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Justin Ballak practises at Alexandria Park, one of 28 city-run, outdoor rinks.

Fred Lum/The Globe and Mail

For the second year in a row, the City of Toronto will rely on last-minute corporate donations to keep outdoor ice rinks open beyond the end of February.

Mayor John Tory announced Friday that Maple Leaf Sports and Entertainment and Green For Life will each donate $100,000 to boost the number of rinks that will remain open beyond this weekend from 17 to 29. The decision comes just days before Toronto was to shut down dozens of rinks despite another chilly winter, sparking debate at City Hall over whether the city should be more flexible in budgeting for longer rink seasons.

"I think it's fitting in a place like this that's all about winter and all about skating and all about hockey, that we should have the rinks open for a longer period of time," Mr. Tory said in announcing the sponsorships Friday.

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"We had calls well before noon from a number of companies who were stepping up to say 'we'd like to help in some way to extend the skating season,'" Mr. Tory said.

Both of this year's sponsors have had extensive dealings with the City of Toronto. MLSE received a $10-million loan from the city last year for the expansion of the BMO field, and Green For Life has a contract for private garbage collection in Toronto.

Other cities, including Calgary, are flexible on how long its rinks remain open, depending on the weather. In Montreal, meanwhile, the skating season typically runs until mid-March.

But in Toronto, Friday's announcement marks the second year in a row the city has had to scramble to find a way to pay to keep its rinks open for a longer winter. The city pays about $4,500 a week to operate each rink. The rinks that stay open later will operate until March 22.

Last year, the city faced criticism after revealing that, despite a deep freeze, it had budgeted for only 17 of its 51 outdoor rinks to remain open beyond February. Scotiabank and Canadian Tire eventually stepped forward as donors to keep an additional 11 open.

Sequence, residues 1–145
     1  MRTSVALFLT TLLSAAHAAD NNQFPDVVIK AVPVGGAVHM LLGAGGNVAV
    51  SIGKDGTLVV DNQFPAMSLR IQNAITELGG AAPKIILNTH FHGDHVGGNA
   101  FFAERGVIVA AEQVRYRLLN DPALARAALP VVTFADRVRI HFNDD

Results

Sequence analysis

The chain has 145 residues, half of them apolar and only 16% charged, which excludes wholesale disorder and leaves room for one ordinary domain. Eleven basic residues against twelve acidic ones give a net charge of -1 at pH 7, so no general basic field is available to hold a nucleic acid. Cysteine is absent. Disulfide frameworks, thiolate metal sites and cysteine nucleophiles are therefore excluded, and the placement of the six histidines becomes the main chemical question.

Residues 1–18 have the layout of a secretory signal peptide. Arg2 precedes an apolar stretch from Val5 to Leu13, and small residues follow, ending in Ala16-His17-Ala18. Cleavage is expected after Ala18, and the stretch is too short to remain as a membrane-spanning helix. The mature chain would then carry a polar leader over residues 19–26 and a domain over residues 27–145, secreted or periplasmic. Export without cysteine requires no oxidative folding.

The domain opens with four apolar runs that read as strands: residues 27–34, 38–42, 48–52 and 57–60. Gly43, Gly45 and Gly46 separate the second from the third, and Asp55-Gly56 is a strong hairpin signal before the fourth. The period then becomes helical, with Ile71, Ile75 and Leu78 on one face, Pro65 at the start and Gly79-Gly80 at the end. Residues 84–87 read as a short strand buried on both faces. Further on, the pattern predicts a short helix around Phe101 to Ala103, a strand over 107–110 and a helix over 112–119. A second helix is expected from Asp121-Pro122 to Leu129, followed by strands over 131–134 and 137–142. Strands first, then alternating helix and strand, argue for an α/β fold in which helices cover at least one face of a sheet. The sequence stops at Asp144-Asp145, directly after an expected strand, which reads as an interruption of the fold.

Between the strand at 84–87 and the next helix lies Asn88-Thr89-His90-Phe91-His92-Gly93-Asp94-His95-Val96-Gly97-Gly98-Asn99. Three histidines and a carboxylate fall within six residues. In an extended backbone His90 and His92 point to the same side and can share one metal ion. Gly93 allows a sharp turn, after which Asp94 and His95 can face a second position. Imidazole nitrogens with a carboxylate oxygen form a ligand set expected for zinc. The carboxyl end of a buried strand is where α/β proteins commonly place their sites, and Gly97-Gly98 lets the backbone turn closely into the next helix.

And while Mr. Tory complained about those rink closings while campaigning for mayor, he said Friday he now understands why this is the case.

"To be fair to city officials, they have established numbers that they look at in terms of how many people go skating at different times of year, and the numbers do start to fall off at this time of year, no matter how cold or warm it is," he said.

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"They don't make the decisions to be mean to anybody or in a vacuum."

Meanwhile, Councillor Michelle Berardinetti, chair of the city's parks committee, passed a motion at budget committee to look at the viability in the future of extending the rink season.

Still, she raised questions about whether keeping more rinks open for longer is the best use of city resources, noting that last year staff say the extra rinks kept open through corporate donations were "little used."

"Given our budgetary pressures and all of the money we need at the city, is this the best use of those corporate sponsorships?" she asked.

"We are not saying no. We are trying to do what we can. Moving forward we want to make sure that we listen to the residents and make sure there is a definite need."

Environment Canada meteorologist Geoff Coulson said Friday that the city is on track to have the coldest February on record, with an average temperature of -11.6 C. The coldest February before this year was in 1979, when average temperatures dipped to -10.8.

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He added that the colder-than-normal conditions are expected to continue into March, but wouldn't say whether colder winters in general are here to stay.

"It's too early to say whether there's a trend," he said. "With the two winters we've seen … it may not be sufficient to say whether this is the new normal for Toronto."

With a report from Elizabeth Church

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